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10 Bizarre Treatments Doctors Used to Think Were Legit


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Urotherapy
There is no evidence that drinking urine or applying it to injuries is beneficial.  © belchonock/iStock/Thinkstock
There is no evidence that drinking urine or applying it to injuries is beneficial. © belchonock/iStock/Thinkstock

It turns out Tang isn't the only beverage served in space. A specially-designed toilet-to-tap waste recycling system allows astronauts to recycle their urine into fuel -- and into drinking water. But that's a beneficial system because it makes use of the limited resources space travelers have to deal with, not because of any supposed health benefits.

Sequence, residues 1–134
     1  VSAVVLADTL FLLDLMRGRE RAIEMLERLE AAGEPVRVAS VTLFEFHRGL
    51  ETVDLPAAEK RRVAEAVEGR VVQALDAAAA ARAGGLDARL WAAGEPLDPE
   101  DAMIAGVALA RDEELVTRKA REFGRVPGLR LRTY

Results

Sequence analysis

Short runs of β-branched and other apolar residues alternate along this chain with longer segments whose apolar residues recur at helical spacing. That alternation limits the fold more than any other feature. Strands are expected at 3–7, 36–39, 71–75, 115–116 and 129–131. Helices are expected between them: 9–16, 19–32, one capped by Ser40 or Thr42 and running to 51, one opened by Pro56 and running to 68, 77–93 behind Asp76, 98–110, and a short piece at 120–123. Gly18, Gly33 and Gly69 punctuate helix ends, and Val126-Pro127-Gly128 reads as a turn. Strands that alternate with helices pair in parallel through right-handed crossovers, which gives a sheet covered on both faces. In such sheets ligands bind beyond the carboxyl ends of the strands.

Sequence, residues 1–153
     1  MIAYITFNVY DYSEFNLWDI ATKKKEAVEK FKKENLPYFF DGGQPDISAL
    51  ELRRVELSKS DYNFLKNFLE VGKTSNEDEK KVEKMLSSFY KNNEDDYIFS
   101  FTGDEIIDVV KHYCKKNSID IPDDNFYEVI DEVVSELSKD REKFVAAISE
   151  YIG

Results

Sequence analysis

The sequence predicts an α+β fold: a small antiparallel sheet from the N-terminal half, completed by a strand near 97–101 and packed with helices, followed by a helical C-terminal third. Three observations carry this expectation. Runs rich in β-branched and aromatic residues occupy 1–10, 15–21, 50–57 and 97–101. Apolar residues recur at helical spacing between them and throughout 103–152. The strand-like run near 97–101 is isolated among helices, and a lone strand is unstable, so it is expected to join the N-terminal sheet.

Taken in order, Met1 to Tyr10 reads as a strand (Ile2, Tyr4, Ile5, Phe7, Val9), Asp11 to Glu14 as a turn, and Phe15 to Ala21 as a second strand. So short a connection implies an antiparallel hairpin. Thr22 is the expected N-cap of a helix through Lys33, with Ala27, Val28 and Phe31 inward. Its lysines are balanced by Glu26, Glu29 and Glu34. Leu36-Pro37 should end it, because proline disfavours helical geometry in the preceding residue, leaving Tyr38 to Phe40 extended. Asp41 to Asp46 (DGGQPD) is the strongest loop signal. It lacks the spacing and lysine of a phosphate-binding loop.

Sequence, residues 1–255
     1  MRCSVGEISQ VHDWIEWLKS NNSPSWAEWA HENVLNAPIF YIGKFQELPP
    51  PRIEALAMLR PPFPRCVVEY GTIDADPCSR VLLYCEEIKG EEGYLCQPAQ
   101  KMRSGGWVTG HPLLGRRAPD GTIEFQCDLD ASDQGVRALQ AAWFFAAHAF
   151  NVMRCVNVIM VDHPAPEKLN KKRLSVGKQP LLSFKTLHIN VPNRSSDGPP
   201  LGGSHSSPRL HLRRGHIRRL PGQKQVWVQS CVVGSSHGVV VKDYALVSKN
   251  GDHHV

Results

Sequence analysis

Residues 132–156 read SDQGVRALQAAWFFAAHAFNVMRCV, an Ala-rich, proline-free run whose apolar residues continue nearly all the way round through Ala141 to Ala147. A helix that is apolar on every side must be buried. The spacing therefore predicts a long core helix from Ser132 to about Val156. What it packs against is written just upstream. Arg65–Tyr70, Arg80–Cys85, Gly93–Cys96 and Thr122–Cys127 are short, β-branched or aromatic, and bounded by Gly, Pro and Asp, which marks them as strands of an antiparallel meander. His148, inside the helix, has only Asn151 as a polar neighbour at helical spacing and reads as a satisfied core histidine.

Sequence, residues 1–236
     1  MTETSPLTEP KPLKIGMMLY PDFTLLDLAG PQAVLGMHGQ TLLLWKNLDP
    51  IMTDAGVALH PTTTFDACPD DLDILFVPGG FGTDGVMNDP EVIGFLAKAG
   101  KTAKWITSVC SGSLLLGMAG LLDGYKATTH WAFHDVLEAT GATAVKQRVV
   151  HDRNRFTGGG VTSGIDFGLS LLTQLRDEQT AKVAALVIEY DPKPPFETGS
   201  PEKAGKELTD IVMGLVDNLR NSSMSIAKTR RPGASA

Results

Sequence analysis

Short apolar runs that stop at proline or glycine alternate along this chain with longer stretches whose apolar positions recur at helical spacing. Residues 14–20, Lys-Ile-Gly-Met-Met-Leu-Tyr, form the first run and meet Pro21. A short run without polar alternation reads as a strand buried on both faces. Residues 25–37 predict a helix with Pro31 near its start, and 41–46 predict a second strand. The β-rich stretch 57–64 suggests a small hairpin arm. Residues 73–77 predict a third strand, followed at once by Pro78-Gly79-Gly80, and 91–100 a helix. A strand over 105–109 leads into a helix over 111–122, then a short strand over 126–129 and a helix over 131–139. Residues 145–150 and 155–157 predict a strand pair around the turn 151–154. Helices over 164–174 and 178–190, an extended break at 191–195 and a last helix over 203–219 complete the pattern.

Water is the main ingredient in your urine, but it's not all water -- the next notable component is urea, and urea is considered to have antimicrobial properties: antibacterial, antifungal and antiviral [source: Stresing]. Despite that trifecta of healing potential, there's no evidence urine has any health or healing benefits. There was a time, though, when the medical community considered drinking urine or applying it as a poultice an effective treatment for maladies ranging from acne and asthma to migraines and cancer. Some still believe it will even whiten teeth. And although it's probably not dangerous if you drink in small quantities, urine therapy is not recommended as a cure for anything. No, it won't treat a jellyfish sting, either (and, in fact, may make it worse).